“Drones are here to stay, and to me that's a very good thing.”
Presenting at SXSW Interactive—where just days before the Austin Police Department had banned all drones from flying in the skies above the festival—Lisa Ellman spoke enthusiastically about the benefits that drones bring and how industry and government can satisfy those who are concerned about drones encroaching on personal privacy.
Ellman—who helped craft Obama administration policies on the use of drones in the United States—presented the positives and the negatives, from what she sees as smart and nonsensical regulation as well as the worthy and concerning usages of drones.
“When I first started working for President Obama, drones were just a blip on the radar,” Ellman said. “Now they are everywhere. They are the present and are quickly becoming the future. I believe the key to good policy making in this area ... is poli-vation—policy makers and innovators working together.”
Referring to the machines as “smartphones in the sky,” Ellman said that the uses for drones range from toys to tools of war, and that they can be used for fun, safety, and technology that makes life better. Among the possible positive functions, she mentioned a drone’s potential to deliver SXSW badges to attendees with the use of facial recognition technology, help farmers survey and dust their crops, film movies from high and varying vantage points, deliver beer, or drop medications in rural areas. Disney, for example, is interested in using drones to replace fireworks in its theme parks; the NFL, meanwhile, has reportedly considered using drones to do things like take footballs to midfield.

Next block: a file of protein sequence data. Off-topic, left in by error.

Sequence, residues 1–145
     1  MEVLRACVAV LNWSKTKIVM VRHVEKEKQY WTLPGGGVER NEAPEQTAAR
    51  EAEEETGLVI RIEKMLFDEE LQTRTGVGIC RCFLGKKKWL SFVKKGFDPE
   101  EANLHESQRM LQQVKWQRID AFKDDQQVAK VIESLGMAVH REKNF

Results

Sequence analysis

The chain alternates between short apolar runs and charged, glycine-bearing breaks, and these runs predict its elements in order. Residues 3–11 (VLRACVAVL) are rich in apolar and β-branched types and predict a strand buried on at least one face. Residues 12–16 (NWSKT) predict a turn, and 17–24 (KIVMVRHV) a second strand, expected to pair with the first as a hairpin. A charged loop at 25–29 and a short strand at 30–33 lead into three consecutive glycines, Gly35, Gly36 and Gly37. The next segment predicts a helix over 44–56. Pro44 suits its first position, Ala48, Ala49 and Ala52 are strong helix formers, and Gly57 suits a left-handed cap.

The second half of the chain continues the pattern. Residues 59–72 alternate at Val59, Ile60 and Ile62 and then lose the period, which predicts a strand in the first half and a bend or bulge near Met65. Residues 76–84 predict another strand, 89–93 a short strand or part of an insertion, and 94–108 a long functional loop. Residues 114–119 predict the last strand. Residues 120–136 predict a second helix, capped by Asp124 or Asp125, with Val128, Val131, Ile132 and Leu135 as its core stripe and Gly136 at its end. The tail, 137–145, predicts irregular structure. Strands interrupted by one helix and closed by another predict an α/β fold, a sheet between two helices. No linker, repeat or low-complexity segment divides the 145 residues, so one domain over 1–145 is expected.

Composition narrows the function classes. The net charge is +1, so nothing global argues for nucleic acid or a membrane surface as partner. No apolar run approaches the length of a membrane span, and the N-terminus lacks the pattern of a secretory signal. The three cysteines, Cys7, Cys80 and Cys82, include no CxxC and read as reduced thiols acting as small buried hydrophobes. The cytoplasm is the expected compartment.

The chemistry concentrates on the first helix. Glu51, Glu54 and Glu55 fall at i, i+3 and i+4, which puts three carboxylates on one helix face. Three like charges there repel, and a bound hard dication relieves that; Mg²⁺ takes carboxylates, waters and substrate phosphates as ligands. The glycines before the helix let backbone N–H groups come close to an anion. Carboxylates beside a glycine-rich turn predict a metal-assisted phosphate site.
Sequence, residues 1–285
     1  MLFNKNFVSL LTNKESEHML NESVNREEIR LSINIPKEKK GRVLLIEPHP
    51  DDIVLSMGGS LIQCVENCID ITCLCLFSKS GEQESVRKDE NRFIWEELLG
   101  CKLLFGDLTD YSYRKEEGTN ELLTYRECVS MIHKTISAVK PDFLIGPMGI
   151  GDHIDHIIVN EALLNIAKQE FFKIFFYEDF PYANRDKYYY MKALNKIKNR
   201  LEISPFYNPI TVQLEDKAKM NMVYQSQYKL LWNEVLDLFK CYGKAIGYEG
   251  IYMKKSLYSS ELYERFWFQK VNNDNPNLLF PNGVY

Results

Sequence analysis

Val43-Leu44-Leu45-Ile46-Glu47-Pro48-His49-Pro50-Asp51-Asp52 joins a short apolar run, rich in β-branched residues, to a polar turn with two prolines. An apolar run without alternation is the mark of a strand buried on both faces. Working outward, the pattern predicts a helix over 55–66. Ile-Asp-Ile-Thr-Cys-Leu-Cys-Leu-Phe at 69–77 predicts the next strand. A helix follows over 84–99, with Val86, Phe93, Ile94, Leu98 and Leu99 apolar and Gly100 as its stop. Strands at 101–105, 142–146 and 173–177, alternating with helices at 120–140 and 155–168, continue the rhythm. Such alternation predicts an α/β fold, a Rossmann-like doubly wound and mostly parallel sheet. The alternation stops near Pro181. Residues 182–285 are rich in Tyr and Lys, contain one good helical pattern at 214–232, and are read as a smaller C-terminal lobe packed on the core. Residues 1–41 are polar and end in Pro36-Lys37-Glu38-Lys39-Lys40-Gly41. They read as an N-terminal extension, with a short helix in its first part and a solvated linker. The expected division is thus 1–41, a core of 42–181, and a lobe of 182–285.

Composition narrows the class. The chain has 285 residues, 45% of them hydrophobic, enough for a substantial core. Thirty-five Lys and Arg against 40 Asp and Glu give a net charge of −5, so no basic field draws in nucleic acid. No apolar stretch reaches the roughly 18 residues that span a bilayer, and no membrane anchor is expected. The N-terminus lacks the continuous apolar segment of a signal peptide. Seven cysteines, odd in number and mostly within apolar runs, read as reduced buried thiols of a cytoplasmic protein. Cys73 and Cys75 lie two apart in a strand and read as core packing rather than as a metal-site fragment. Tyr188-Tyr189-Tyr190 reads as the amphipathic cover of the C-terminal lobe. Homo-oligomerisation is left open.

But, Ellman said, while America leads the world in producing the technology, it follows in areas of implementation. In Japan, 85 percent of crop dusting is done by drones, she said. “Drones will help America hold on to our competitive advantage."
Despite all the benefits that drones can offer, many Americans are wary of the flying machines’ ability to survey areas of life that have been private for so long. Drones are often equipped with cameras and can photograph anything from homes to employees skipping work to shop at the mall. Ellman explained the concerns as relating to “the notion that our home is our castle, that we ought to have control over our own personal information ... that we all need time alone.”
But, she said, the modern concept of privacy is evolving. “We live in an increasingly connected world. What this means for our nation’s privacy policies, we are just starting to learn about now.” History tells us that people have commonly been fearful of innovation. When the camera was first invented, Ellman said, we worried others would take our picture without our consent; when the postal service was founded, we worried people would read our mail. “It makes sense that, decades later, we worry that drones will be used to spy on us,” said Ellman, who noted that her own father worried that drones could enable competitors to snoop on his backyard engineering projects. Such concerns raise legitimate questions, she said, such as how do we know who’s watching us, who owns the drone, and where images live and for how long?